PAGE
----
In early November, the Sixth Circuit soundly rejected a distillery’s claim that Kentucky common law nuisance claims are preempted by the federal Clean Air Act. Merrick v. Diageo Americas Supply, Inc., No. 14-6198 (November 2, 2015). The appeals court’s decision offers a bit of a refresher course on principles of federal preemption in Clean Air Act and Clean Water Act cases. In summary, the court held as follows:
1) Under the Clean Air Act, states and political subdivisions retain the right to adopt or enforce their own regulations and requirements concerning air pollution, and individuals retain the right to seek any relief under state law—including state common law. 
2) While the Clean Air Act preserves claims brought by plaintiffs under the common law of the source state, i.e., the state in which the emissions sources are located, the Act does preempt claims based on the common law of a non-source state.  (The same applies under the Clean Water Act, by the way.)
3) Precedent interpreting the federal Clean Water Act is highly persuasive in Clean Air Act cases, “because many provisions in the Clean Water Act—including the savings clauses—were modeled on the Clean Air Act, so that the two acts are often in pari materia.” Generally speaking, says the Sixth Circuit, “what was true for the Clean Water Act holds true for the Clean Air Act.”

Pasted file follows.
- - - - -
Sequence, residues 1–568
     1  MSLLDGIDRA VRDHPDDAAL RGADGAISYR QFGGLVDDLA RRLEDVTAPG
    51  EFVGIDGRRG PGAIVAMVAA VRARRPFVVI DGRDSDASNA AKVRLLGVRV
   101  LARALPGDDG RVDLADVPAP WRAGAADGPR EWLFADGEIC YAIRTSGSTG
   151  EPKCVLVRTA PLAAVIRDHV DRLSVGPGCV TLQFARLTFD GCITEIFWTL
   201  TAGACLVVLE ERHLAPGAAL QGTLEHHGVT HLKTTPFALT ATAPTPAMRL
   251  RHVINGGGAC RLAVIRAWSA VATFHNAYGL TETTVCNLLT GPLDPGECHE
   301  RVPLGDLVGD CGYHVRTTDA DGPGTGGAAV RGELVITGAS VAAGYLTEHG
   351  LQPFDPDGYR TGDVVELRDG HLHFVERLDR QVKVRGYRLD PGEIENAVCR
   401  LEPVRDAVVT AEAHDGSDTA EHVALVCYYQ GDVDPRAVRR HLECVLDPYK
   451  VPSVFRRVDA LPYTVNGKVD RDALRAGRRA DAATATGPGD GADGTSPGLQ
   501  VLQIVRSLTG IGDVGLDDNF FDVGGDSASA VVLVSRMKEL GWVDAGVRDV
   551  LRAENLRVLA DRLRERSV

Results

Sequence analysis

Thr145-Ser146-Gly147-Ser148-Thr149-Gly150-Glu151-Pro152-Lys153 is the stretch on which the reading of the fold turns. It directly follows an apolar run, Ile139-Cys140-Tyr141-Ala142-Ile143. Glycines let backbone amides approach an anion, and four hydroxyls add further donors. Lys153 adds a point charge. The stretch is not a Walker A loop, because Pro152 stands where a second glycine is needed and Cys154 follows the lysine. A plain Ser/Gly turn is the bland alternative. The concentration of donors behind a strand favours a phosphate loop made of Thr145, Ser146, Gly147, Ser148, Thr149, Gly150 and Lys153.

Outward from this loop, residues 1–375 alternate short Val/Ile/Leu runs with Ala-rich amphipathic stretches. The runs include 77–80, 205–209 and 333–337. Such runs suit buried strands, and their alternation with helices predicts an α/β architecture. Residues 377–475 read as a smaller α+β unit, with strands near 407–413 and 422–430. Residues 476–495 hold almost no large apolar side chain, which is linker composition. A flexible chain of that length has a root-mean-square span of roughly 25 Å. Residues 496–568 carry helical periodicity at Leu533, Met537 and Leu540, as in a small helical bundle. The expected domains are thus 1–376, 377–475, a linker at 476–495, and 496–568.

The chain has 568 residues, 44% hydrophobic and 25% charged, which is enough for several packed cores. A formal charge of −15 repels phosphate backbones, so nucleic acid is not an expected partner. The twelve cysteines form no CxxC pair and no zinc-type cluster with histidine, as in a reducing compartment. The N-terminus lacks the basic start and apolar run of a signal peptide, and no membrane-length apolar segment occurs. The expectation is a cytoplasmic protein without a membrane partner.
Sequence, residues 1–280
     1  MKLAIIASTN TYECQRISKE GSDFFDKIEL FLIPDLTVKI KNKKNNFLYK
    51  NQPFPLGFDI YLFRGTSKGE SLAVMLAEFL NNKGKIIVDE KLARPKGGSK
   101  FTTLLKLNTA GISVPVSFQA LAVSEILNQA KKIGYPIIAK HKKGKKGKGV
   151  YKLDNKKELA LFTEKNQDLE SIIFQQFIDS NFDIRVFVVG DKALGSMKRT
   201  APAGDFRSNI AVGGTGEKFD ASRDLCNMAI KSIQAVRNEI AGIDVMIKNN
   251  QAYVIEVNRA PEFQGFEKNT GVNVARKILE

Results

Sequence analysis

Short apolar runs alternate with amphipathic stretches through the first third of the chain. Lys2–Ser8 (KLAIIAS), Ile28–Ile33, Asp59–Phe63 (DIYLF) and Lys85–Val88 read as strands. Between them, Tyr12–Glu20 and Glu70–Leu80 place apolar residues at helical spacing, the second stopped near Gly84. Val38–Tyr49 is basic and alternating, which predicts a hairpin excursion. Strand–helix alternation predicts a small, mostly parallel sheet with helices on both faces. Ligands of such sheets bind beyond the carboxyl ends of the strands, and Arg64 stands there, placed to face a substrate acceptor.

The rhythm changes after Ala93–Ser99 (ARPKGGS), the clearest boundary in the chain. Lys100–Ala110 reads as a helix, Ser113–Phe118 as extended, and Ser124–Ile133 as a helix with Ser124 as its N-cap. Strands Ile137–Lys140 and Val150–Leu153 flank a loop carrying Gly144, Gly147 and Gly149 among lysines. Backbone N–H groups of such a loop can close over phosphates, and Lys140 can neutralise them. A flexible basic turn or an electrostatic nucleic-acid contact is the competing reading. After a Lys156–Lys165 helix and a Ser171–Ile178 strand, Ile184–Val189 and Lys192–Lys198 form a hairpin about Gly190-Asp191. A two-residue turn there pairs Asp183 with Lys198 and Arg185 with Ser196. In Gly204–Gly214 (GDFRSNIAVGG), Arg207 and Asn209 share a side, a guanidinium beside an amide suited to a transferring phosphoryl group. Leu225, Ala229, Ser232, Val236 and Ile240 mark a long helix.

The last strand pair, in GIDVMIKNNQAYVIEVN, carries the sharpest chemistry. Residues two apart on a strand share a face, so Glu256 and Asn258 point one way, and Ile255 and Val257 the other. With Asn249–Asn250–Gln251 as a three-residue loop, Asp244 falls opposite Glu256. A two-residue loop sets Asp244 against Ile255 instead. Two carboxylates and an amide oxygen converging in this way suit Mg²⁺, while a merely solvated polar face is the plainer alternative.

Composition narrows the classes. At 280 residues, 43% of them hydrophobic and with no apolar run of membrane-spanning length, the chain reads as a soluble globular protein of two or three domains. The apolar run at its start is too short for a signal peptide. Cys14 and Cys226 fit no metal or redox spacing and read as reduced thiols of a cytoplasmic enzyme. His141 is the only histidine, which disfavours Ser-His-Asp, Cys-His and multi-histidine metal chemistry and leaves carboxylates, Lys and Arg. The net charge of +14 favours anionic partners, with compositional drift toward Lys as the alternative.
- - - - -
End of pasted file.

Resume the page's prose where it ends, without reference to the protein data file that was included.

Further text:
“But wait,” you may say, “didn’t the U.S. Supreme Court recently rule that the Clean Air Act does preempt common law air pollution nuisance claims?” Yes, that is true. In AEP v. Connecticut, the Court held that the Clean Air Act displaces “any federal common law right to seek abatement” of CO2 emissions.  In the recent Merrick decision, the Sixth Circuit distinguished AEP on the grounds that it addressed only federal common law; in fact, none of the parties in AEP briefed the issue of preemption of state common law, and the Supreme Court explicitly declined to rule on that issue. 
Merrick involved ethanol emissions from a Louisville, Kentucky whiskey distillery. Neighboring property owners and lessees complained that ethanol emissions from the distillery caused the formation of “whiskey fungus” on their properties. The distillery’s ethanol emissions were regulated both under the Clean Air Act and under a federally-enforceable operating permit issued by the Louisville Metro Air Pollution Control District. The neighbors filed a class action complaint in federal district court, seeking damages for negligence, nuisance, and trespass as well as injunctive relief. The district court, like the Sixth Circuit, held that the state law common law tort claims were not preempted by the Clean Air Act.
Chris Walker practices environmental law with Van Kley & Walker in Dayton, Ohio. You can contact Chris at email@example.com or his colleague Jack Van Kley at firstname.lastname@example.org.
[Photo credit: John Haslam, Wikimedia Commons]
 Merrick v. Diageo Americas Supply, Inc., No. 14-6198 at 3-4, 7-8 (November 2, 2015)
 Id. at 9-10.
 American Electric Power Co. v. Connecticut, 131 S. Ctc. 2527, 2537 (2011) (emphasis added).
 Merrick, No. 14-6198 at 12, citing AEP, 131 S. Ct. at 2540.